Speaking of those experiments, I have a bone to pick with them too. Dr. Acworth and John Tindall spend an awful lot of time proving things that don't need to be proven. As a for instance, they prove that ocean currents are capable of moving a sunken object over a period of time. Did that really require an experiment? It's akin to them proving gravity and high-fiving each other and saying, "Whoo-hoo! We did it guys! Proved gravity!" This happens in the field as well. They investigate a plane crash site (possibly due to the presence of alien artifacts) and take soil samples. From the soil samples they find that there was a large fire. Imagine, a fire in the vicinity of a plane crash!
Toward the end of the season, however, they actually did put their lab to good use and to spectacular effect. Photograph of a ribbon-shaped UFO? Dr. Acworth uses actual science to show it could have been an unsteady camera. Bizarre space spheres flying around a NASA shuttle mission? Tindall uses science to show it's just ice crystals. Every time they effectively applied science, my heart stopped for the space of a single second. I nearly wept. They even begin to use more credible experts and listen to what they have to say. This led to their best episode: "Code Red," which focuses on UFO encounters at Edwards Air Force base. If the whole series was like "Code Red" (and perhaps "The NASA Files"), I would have little to complain about.
This doesn't make up for all the times that I wanted to drive a rail spike through my brain. In the very first episode they talk about an encounter with a UFO that did damage to a boat, killed a dog, and injured someone's arm. But they never mention hospital reports or descriptions of the injuries or descriptions of the damage done to the boat. They're just not asking the right questions. Or if they are asking the right questions, they're ignoring the answers.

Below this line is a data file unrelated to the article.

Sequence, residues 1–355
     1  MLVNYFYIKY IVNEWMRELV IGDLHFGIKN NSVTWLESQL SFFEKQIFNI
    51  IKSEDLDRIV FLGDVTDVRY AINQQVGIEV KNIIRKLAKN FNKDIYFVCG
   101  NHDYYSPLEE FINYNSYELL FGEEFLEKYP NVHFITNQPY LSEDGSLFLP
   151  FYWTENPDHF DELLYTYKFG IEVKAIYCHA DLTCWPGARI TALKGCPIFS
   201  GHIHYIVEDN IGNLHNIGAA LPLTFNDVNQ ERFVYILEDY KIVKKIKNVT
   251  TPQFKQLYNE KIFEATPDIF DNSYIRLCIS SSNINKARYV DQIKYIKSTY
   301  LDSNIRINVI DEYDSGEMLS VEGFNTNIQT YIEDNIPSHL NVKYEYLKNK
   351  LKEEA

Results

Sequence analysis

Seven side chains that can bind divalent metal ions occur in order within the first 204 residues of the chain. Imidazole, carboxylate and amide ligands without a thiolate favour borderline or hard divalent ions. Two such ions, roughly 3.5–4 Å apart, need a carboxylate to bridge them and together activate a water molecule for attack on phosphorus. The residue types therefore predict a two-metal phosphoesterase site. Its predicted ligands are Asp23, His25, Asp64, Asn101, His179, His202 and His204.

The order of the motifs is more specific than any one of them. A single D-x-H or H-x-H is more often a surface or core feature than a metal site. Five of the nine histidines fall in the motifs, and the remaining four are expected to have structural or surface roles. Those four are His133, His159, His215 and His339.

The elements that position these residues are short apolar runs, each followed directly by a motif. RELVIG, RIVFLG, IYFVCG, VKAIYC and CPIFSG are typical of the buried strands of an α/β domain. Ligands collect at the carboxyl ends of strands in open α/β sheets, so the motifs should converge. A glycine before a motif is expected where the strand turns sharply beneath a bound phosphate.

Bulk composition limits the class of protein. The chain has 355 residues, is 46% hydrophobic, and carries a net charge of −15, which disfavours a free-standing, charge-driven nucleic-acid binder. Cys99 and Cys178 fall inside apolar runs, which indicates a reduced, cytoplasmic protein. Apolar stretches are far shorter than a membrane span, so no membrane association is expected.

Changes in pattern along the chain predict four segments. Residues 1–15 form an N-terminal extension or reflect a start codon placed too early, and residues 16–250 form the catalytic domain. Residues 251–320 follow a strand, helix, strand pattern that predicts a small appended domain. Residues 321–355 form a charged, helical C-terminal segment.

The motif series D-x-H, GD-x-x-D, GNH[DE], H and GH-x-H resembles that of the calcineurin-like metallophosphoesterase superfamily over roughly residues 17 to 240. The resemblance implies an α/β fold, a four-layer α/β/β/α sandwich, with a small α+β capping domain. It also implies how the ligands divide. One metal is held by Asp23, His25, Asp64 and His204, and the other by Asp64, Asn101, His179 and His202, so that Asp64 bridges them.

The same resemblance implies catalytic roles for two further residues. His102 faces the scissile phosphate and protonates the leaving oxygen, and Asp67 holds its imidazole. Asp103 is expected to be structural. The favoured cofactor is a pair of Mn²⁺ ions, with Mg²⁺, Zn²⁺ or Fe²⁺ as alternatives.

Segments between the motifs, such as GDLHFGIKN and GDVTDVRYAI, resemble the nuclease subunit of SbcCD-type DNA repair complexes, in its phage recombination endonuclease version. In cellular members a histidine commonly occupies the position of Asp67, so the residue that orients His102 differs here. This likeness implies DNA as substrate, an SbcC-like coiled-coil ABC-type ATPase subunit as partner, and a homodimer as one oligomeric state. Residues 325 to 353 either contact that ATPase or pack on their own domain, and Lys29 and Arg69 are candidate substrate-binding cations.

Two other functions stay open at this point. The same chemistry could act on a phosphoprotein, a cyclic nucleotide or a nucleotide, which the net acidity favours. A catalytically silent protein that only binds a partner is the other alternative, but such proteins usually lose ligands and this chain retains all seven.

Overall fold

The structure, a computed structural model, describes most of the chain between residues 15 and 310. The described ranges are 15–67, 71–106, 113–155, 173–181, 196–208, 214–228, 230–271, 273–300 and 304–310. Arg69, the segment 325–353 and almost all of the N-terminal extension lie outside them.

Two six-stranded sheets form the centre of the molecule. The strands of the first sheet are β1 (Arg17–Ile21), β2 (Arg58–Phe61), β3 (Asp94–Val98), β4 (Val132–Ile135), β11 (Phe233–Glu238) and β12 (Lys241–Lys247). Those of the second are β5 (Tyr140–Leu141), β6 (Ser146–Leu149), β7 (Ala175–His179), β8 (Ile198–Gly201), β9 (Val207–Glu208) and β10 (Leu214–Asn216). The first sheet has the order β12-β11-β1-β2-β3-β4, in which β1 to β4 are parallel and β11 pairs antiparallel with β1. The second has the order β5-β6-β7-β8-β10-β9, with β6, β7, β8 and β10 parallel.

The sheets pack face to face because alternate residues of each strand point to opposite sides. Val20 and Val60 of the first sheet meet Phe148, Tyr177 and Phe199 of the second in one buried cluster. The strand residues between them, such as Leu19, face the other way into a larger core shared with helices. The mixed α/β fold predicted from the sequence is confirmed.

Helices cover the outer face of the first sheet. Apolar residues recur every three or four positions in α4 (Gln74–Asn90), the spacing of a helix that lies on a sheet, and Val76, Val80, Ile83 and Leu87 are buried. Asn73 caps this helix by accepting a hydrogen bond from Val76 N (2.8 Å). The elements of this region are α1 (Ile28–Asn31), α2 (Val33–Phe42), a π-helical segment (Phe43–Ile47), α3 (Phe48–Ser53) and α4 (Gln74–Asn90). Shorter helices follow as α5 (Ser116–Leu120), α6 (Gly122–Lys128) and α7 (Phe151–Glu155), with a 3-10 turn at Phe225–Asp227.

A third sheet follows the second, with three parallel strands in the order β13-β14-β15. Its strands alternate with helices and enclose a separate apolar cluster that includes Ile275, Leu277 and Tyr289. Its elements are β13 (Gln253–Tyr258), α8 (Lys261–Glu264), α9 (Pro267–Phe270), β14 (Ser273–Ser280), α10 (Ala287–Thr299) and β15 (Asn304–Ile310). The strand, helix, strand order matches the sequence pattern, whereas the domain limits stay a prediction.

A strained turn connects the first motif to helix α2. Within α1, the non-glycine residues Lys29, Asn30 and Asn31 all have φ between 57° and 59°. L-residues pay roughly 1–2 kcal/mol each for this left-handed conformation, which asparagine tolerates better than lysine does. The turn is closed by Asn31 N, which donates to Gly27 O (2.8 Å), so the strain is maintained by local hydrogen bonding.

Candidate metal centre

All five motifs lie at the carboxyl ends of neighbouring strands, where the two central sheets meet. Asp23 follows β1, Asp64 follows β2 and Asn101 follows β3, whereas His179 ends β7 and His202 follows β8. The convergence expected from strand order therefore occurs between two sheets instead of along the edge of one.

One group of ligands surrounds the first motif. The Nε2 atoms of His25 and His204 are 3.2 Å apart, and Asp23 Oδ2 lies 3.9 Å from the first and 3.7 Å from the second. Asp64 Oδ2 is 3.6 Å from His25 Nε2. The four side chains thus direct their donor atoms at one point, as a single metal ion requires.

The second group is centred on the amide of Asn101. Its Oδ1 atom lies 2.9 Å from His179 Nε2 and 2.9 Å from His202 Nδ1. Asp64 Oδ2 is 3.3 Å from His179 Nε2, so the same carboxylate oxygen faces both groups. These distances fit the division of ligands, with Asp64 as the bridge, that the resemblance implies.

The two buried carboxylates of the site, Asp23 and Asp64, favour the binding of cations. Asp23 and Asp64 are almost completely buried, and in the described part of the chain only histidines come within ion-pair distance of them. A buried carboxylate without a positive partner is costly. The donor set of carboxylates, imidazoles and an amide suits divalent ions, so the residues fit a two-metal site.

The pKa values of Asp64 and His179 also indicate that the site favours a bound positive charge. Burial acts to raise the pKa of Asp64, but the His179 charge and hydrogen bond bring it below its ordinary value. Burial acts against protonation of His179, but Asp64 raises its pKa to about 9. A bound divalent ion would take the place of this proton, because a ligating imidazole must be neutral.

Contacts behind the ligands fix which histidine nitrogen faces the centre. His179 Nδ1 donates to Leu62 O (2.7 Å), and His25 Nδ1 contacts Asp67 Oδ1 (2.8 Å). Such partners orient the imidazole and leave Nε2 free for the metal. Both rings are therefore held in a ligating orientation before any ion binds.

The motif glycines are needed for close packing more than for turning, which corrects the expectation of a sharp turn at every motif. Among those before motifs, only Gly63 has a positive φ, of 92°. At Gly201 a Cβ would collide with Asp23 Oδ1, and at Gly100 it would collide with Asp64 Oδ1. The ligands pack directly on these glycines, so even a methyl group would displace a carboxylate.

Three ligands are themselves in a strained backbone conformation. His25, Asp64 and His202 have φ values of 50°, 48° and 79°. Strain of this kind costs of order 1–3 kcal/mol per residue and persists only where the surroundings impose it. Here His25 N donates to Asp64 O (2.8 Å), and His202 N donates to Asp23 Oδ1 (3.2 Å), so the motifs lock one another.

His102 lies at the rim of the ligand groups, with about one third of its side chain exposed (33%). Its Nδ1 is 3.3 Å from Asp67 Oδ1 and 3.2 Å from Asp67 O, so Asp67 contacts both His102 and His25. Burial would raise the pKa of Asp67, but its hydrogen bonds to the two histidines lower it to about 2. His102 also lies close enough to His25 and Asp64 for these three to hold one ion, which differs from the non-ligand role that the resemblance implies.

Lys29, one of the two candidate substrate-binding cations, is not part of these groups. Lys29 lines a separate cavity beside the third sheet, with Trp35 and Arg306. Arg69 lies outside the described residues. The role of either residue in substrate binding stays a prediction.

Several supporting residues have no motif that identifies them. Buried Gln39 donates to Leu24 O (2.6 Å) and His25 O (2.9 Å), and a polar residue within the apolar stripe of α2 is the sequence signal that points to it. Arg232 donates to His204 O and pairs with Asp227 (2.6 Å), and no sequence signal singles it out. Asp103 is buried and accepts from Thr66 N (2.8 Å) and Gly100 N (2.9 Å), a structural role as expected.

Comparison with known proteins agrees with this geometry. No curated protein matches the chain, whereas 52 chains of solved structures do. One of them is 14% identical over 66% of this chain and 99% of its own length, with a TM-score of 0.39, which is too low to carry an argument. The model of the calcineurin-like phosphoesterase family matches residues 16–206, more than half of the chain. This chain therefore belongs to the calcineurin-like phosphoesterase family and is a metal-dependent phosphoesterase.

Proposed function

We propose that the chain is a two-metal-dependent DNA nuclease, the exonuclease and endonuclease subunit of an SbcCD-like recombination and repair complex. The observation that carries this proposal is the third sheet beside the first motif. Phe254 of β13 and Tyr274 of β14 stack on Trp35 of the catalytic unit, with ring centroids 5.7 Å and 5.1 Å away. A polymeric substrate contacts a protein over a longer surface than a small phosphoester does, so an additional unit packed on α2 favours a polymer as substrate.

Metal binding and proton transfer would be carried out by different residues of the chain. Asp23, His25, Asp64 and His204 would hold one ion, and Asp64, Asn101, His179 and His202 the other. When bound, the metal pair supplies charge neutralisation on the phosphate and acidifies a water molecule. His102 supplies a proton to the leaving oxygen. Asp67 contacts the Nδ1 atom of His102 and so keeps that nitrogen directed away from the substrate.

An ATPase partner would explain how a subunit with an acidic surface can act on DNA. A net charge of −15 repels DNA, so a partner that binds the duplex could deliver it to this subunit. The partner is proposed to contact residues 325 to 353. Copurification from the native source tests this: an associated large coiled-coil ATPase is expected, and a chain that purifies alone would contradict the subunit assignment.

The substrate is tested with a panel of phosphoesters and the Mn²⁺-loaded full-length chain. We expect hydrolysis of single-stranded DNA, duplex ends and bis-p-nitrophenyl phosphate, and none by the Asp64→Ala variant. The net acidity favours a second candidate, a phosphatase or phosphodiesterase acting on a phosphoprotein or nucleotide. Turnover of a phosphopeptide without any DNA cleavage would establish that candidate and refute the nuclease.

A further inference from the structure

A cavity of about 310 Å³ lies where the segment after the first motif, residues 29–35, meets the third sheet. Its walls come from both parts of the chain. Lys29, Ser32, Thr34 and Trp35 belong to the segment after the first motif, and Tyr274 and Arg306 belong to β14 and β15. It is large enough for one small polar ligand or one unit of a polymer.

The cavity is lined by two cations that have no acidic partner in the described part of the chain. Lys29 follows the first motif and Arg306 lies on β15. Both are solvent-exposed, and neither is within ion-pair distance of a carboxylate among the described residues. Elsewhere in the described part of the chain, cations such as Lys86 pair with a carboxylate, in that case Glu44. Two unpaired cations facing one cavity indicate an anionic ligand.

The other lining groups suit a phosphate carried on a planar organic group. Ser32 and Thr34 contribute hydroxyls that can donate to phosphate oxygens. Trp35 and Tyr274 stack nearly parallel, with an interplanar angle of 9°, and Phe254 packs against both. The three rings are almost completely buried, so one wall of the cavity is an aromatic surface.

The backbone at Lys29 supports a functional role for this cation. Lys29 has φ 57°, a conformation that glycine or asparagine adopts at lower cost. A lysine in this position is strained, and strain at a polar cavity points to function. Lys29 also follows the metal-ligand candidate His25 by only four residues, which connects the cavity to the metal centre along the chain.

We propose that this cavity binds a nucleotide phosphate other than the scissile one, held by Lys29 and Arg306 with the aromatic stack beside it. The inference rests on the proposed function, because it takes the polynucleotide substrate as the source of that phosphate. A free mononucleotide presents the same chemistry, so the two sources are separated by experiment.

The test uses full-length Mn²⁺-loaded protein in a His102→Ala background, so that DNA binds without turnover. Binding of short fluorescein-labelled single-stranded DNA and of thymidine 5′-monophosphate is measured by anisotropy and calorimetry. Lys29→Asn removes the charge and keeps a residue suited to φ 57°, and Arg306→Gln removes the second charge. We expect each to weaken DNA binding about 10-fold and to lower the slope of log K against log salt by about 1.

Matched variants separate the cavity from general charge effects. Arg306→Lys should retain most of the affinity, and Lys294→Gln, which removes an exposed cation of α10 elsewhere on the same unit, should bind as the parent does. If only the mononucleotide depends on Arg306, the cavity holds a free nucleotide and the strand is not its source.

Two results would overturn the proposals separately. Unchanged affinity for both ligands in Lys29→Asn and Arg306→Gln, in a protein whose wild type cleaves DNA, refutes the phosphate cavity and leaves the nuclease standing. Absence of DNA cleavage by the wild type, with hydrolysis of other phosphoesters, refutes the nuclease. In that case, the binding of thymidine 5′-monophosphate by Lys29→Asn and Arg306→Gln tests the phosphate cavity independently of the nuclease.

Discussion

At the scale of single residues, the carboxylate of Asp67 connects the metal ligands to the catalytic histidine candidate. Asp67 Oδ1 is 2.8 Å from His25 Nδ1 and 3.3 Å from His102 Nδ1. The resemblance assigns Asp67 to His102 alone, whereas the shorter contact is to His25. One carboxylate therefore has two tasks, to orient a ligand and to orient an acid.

The whole show just smacks of the sensationalism that the History Channel has been indulging in of late. I haven't been this appalled since their documentary The Lost Book of Nostradamus, where they were more interested in fear mongering than objectivity. Rather than a skeptical, critical look at UFO phenomenon, UFO Hunters delights in showing whatever it finds, regardless of the scientific validity or plausibility.
At the very least, the History Channel has indulged UFO Hunters with an extremely nifty Steelbook case. The extras amount to a smattering of scenes clipped from the episodes that don't add much, just an experiment or two that didn't do much to shore up the case for extraterrestrial contact. There's also a subscription card to UFO Magazine included, which I don't think I'll be using.
If UFO Hunters' goal is to convert the unbeliever, then it is a complete failure. I left the show more convinced than ever that, if there is life beyond this planet, it has done nothing to contact us.
UFO Hunters is guilty of the brutal double murder of Reason and Rationality.